ESOC Working Paper #27: Media Reporting on International Affairs

Publication Year
ESOC Working Paper Series

We consider how the U.S. news media reports on international affairs. Analyzing ≈40 million
news articles published between 2010 and 2020, we explore whether the American news media
report differently on various international affairs topics based on partisan leanings. We then
analyze ≈25 million articles published by top online news sites to determine whether collective
reporting shows disparities between the level of attention afforded major global issues and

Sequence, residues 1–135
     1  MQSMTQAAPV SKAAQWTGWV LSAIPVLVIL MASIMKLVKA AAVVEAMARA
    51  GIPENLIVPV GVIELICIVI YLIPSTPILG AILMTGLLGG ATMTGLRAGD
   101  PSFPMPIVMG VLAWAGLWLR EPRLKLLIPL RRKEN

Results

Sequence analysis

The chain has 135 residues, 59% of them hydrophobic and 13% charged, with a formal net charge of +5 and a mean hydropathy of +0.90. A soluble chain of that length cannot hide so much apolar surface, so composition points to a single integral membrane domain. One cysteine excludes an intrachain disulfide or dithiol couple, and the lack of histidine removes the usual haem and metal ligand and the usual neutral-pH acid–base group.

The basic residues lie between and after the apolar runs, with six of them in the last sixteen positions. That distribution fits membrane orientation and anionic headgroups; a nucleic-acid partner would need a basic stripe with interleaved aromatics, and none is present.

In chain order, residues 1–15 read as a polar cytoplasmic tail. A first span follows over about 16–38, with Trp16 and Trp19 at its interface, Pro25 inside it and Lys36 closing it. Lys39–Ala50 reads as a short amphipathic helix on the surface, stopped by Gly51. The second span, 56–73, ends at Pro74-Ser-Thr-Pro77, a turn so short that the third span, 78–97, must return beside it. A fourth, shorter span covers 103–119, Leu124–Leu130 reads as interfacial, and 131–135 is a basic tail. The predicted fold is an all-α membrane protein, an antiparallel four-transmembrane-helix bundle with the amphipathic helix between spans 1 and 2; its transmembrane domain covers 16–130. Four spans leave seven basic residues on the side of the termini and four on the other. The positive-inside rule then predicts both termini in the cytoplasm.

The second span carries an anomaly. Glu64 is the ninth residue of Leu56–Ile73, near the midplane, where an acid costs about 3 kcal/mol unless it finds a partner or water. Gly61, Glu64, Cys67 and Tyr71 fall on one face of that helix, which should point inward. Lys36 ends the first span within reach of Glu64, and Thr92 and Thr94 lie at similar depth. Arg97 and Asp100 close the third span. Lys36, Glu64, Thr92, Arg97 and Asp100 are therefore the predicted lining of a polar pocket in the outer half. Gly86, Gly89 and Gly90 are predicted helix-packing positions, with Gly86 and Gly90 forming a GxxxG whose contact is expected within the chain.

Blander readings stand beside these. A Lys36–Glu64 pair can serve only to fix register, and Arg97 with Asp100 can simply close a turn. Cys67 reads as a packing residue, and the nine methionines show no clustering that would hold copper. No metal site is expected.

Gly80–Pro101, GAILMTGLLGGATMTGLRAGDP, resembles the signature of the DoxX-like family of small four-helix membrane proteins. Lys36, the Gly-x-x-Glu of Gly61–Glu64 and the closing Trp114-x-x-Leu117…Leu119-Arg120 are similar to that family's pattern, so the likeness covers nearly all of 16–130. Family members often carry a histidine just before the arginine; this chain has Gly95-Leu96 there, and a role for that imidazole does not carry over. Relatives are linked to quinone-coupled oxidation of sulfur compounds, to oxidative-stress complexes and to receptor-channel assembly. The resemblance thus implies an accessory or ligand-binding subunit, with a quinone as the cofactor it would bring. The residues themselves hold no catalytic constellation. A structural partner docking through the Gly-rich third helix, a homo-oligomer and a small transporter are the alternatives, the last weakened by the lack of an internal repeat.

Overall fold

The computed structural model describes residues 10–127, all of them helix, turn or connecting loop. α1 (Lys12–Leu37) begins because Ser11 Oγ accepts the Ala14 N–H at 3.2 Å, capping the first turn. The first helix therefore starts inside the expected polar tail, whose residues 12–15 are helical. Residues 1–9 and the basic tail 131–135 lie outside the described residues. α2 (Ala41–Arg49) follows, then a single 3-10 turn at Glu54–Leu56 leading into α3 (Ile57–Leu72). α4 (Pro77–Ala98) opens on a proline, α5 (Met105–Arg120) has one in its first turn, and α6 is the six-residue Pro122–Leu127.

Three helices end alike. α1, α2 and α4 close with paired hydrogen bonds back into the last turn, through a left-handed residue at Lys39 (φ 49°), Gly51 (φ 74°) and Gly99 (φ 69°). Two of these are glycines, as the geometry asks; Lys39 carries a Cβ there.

objective measures of their human costs (e.g. numbers of individuals killed). We find that left- and
right-leaning news outlets tend to report on international affairs at similar rates but differ
significantly in their likelihood of referencing particular issues. We find further strong evidence
that the frequency of reporting on the international issues we study tracks only modestly with
their associated human costs. Given evidence U.S. public and policymakers dependence on news
reports for foreign affairs information, our findings raise fundamental questions about the
influence of these reporting biases.


ESOC Working Paper No. 27

Publication Topic
Politics and Public Opinion
Publication Type
ESOC Working Paper